Day 4: Pupu Springs

Ligar Bay

Annie did not approve of the name “Pupu Springs”. She did not approve of the full name of the springs, Te Waikoropupu Springs, either. When her parents told her that they were going to visit Pupu Springs, she instructed them to refer to it simply as “the Springs” which they tried to do when they remembered. When they forgot, Annie helpfully shouted at them.

These were very special springs. The water was the third-purest water in the world, according to a sign. Annie and Cora were not impressed by this. The family walked past signs instructing them (repeatedly) not to touch the water, which was sacred, and not to remove anything from anywhere.

A few minutes later, after they started walking down the path to the Springs, Annie bent down. Ignoring the breathtaking beauty of the jungle around her, she focused her attentions on the gravel path. She picked up a small, jagged stone, A few paces later, she picked up another. Then another. And another. Soon she had to cup her hands together to hold them all.

“Hold these for me!” she commanded, holding out her cupped hands towards her mother.

“I’m not holding your rocks for you!” her mother cried. “If you want to carry rocks around, you can carry them yourself. Look around, Annie. Isn’t it so beautiful?” Her mother gestured to the lush green vegetation, the water they could just barely see through the ferns and lichen-covered tree trunks, burbling gently a little distance from the path. Invisible birds chittered and warbled and croaked overhead.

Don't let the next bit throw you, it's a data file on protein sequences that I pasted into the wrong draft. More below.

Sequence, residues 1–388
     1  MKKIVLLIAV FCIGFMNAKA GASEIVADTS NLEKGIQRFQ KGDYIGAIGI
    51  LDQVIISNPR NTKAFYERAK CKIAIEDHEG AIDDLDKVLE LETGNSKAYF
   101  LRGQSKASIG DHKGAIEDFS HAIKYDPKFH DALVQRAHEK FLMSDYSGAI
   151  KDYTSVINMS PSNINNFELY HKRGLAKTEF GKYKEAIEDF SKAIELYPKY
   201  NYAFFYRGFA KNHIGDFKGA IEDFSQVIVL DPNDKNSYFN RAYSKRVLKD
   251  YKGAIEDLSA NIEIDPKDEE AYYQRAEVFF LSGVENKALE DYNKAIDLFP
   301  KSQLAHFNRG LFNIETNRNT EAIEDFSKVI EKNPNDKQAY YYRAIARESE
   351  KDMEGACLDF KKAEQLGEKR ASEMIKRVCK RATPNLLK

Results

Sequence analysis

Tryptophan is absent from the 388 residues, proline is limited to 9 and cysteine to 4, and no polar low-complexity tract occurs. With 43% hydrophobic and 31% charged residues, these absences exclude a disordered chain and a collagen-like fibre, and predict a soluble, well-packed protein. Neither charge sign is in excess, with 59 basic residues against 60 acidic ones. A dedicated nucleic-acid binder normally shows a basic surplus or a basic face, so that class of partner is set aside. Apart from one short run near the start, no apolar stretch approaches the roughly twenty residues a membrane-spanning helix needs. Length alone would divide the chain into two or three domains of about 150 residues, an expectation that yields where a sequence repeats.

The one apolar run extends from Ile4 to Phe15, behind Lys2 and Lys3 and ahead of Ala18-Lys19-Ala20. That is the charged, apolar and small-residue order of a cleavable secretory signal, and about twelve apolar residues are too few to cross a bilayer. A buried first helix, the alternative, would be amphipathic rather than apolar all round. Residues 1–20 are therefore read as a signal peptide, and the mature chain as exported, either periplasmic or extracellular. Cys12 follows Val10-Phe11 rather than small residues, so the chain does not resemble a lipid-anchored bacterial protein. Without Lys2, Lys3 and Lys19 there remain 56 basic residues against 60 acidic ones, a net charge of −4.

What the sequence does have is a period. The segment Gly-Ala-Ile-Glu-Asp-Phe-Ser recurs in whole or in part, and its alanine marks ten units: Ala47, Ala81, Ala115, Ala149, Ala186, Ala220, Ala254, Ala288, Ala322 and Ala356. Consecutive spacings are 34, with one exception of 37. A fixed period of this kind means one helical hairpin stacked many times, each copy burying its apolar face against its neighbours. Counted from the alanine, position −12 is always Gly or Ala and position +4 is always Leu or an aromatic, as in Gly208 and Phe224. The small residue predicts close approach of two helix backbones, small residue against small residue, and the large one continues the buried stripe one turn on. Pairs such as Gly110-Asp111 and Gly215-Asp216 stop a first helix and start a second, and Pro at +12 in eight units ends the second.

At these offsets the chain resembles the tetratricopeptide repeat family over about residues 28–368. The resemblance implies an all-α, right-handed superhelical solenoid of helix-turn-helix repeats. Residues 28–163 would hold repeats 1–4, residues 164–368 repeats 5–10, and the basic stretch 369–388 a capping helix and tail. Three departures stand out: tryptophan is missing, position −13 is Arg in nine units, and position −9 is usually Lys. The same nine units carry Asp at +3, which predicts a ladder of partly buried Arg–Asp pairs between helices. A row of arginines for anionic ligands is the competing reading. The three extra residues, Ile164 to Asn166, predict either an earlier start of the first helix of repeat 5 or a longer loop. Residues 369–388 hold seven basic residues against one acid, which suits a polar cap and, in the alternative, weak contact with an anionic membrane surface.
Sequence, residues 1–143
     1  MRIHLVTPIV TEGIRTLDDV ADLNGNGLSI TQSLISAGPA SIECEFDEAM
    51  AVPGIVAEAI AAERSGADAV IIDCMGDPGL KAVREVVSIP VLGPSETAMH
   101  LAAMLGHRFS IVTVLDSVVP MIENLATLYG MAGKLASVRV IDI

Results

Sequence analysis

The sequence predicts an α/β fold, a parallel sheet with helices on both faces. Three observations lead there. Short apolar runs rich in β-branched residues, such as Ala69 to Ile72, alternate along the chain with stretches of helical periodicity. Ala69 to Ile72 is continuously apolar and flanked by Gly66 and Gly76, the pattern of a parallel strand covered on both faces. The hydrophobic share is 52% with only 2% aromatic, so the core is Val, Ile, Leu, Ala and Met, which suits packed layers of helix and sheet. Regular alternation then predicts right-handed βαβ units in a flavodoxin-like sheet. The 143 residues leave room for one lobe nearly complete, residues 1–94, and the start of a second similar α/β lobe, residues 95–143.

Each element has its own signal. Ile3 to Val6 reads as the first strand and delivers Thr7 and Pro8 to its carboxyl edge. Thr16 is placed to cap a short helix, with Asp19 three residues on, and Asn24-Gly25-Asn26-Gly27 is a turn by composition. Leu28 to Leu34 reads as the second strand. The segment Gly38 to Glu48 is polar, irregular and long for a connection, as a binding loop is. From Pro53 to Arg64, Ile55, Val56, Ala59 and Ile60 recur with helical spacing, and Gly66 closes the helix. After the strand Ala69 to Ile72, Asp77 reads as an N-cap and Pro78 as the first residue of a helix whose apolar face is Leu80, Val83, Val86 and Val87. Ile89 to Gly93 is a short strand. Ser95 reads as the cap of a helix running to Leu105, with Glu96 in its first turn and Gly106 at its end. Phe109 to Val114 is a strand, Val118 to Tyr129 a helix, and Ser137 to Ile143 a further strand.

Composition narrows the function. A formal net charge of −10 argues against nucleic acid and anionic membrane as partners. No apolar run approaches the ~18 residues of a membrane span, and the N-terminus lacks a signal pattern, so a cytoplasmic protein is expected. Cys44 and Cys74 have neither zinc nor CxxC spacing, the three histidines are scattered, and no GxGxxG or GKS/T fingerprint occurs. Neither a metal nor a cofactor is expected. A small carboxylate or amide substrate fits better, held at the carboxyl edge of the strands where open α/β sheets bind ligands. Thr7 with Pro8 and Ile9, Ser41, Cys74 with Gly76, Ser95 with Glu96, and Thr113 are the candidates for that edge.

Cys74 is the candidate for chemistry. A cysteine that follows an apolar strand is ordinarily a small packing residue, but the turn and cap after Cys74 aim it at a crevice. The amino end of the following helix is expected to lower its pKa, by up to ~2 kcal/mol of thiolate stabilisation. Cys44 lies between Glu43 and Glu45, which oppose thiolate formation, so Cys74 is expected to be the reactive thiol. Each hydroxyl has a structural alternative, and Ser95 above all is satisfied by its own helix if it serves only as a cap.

“Look at these,” said Annie, holding out her cupped hands. “Those two are gold!”

Mommy looked at the rocks. “The yellowish ones, you mean? They’re very pretty. Why don’t you just leave them here?”

Annie pretended not to hear her mommy. She continued to hold the rocks. The trail wound even closer to the river, so it was just alongside the path now. The land was barely above the level of the water, and green plants dangled fronds and leaves over the edge of the water, so it was hard to know where the land ended and the river began. Streams branched and merged together again like threads in a net, and the trail, which turned from gravel path into a wide wooden bridge, just barely above the level of the water, wound its way along and over the branches of the river.

Mommy and Daddy paused to stare at the water. They admired its beauty in awed voices. Cora stared too, silently. She was impressed. Annie fidgeted around.  They walked on. When they were quite far out on the wooden bridges, above the water, she voiced a desire to throw all the stones in her cupped hands into the stream. There were no rails on the bridges, so it would be easy to do.